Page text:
The Riots

The school bus rattled along the busy street. It was an especially quiet day. Laxman stared out of the window at the pavement on the other side of the street.

A little too late, Laxman noticed a brick flying right at him. “GET DOWN!” Laxman cried, ducking. The brick sailed into the bus, shattering against a girl, who passed out cold, and everything exploded into chaos.

Every car around the bus stopped. People came out with guns ablaze. The bus driver got up. “EVERYBODY SIT DOWN!” he bellowed, shooting his pistol at the ceiling of the bus.

The bus became quiet, but from outside, gunshots assaulted Laxman’s ears. The bus conductor was shooting anyone who tried to get into the bus. Laxman got in his seat and looked outside the window. What he saw scarred him for life.

The street was painted in blood. People were getting riddled with bullets. Every bullet that entered a person’s body erupted in blood, as it splattered the street with red. The worst was when it entered their heads. The head shattered, pieces of skull and brain flying in every direction.

A man ran at the bus. The driver aimed his pistol and fired. The man exploded right outside Laxman’s window. Blood splashed on Laxman’s face. He screamed, trying to wipe it off, but it only became worse. “Shut up!” yelled the driver, his weapon pointed at his forehead. Laxman’s blood froze.

“I-I-I’m sorry, I-” he whimpered.
“Shut the hell up NOW!”
“I’m s-s-sorry-” Laxman began to cry.
The driver yelled in frustration and fired.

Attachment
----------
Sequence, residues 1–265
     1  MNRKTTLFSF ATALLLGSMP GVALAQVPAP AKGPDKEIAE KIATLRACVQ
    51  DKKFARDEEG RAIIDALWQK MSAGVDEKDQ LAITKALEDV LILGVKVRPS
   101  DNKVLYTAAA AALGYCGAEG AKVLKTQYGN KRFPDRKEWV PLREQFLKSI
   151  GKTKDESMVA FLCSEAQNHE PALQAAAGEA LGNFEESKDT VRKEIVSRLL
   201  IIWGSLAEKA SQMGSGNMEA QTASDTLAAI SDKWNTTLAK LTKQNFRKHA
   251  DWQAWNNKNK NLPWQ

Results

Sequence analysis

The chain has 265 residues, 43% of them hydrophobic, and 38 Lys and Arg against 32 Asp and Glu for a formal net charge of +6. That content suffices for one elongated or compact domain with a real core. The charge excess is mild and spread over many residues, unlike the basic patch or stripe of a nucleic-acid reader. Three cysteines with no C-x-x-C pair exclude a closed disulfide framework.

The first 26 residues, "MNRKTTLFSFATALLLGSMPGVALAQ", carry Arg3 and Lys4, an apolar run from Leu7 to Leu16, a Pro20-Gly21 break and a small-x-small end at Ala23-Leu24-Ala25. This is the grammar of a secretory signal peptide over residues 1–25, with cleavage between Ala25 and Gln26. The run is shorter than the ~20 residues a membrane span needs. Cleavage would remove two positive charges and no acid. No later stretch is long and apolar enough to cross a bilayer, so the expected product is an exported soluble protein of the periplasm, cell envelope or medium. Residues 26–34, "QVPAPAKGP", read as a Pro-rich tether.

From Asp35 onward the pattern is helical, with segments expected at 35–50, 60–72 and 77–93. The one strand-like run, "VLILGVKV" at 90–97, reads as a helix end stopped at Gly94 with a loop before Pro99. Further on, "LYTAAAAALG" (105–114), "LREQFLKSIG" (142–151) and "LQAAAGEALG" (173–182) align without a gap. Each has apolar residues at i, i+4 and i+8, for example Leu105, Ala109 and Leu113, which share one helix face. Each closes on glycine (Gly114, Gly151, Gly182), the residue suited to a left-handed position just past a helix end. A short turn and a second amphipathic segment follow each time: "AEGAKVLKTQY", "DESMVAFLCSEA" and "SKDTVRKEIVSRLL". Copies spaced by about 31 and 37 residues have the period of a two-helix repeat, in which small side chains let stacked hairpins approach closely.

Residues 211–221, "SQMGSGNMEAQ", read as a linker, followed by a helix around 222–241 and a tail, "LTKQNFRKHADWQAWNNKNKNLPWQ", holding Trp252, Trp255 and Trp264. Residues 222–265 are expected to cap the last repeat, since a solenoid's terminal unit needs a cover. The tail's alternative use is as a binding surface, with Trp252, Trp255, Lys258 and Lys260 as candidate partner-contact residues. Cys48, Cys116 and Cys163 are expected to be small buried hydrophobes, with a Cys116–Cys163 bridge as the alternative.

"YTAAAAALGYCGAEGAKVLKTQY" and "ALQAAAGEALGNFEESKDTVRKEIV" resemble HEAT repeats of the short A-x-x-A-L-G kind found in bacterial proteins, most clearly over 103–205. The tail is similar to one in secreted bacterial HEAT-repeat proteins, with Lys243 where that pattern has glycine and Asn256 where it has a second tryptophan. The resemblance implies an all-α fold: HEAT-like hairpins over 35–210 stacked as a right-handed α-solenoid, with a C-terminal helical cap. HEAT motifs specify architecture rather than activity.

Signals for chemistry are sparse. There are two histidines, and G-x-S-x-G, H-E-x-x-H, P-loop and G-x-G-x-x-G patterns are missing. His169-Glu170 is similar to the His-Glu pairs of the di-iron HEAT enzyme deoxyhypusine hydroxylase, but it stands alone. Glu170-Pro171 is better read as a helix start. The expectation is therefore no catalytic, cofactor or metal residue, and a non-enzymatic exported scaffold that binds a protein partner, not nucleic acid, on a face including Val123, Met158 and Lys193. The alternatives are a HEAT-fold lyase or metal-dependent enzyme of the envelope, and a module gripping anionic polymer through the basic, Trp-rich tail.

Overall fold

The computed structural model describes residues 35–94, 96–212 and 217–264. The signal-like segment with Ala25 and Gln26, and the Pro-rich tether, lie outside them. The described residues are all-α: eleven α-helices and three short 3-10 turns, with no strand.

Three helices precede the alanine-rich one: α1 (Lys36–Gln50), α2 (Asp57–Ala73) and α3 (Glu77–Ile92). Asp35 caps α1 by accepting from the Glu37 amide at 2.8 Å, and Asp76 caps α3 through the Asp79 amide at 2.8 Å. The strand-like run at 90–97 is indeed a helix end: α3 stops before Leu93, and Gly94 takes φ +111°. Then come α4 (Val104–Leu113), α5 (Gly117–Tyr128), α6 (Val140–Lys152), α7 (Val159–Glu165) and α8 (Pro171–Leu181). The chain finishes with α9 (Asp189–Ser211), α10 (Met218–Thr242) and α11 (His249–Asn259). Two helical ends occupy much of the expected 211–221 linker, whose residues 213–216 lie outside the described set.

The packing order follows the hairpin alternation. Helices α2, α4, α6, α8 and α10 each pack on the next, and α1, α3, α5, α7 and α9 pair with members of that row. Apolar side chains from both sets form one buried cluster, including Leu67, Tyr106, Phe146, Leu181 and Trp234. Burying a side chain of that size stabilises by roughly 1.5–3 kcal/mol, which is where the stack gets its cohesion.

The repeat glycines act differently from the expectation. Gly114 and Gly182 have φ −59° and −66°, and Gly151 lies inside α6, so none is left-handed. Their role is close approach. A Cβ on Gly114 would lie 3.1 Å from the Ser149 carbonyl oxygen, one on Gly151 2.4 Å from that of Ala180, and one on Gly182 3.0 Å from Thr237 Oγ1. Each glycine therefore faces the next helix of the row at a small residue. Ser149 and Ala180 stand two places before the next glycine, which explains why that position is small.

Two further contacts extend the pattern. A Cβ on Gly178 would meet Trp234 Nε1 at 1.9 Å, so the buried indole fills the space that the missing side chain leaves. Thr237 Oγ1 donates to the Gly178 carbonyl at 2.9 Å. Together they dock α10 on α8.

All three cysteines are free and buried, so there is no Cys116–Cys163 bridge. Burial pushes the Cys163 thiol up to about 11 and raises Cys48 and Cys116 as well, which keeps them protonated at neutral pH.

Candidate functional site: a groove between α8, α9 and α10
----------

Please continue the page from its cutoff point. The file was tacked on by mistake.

Laxman saw the bullet soar through the air, cutting through his skin like butter. Every nerve erupted in pain. The last thing he remembered was the spark of light, as the world went black.


  1. Badri nana

    I was feeling sad after reading this story. Can you try to think of writing a story which would give me pleasant feeling post reading!

    1. Post
  2. Deepa

    Abu, I enjoy your posts. Looking forward to seeing the world through your eyes as the years roll on.

    I like the attention to visual detail you have provided in this story. ( example – The worst was when it entered their heads. The head shattered, pieces of skull and brain flying in every direction.)

    Got me thinking about story-tellers who are great at atmosphere building and through their descriptions can transport you to the scene. One of the storytellers I have loved for his ability to recreate a scene in multi-sensory splendour is Guy de Maupassant. Here is a sample from his story `A Piece of String’

    `…. In the market-place at Goderville was a great crowd, a mingled multitude of men and beasts. The horns of cattle, the high, long-napped hats of wealthy peasants, the headdresses of the women came to the surface of that sea. And the sharp, shrill, barking voices made a continuous, wild din, while above it occasionally rose a huge burst of laughter from the sturdy lungs of a merry peasant or a prolonged bellow from a cow tied fast to the wall of a house.

    It all smelled of the stable, of milk, of hay and of perspiration, giving off that half-human, half-animal odor which is peculiar to country folks…….’

    SIght, smell, sounds…. it just sucks you right in!

    What do you think?

    1. Post
      Abu Singh

      That piece of description is AWESOME. I, however think that description is one of the deparments in which I lack. I never feel like the reader feels a sense of place, but comments like these help me understand where exactly I lack. Thanks!

Leave a Reply

Your email address will not be published. Required fields are marked *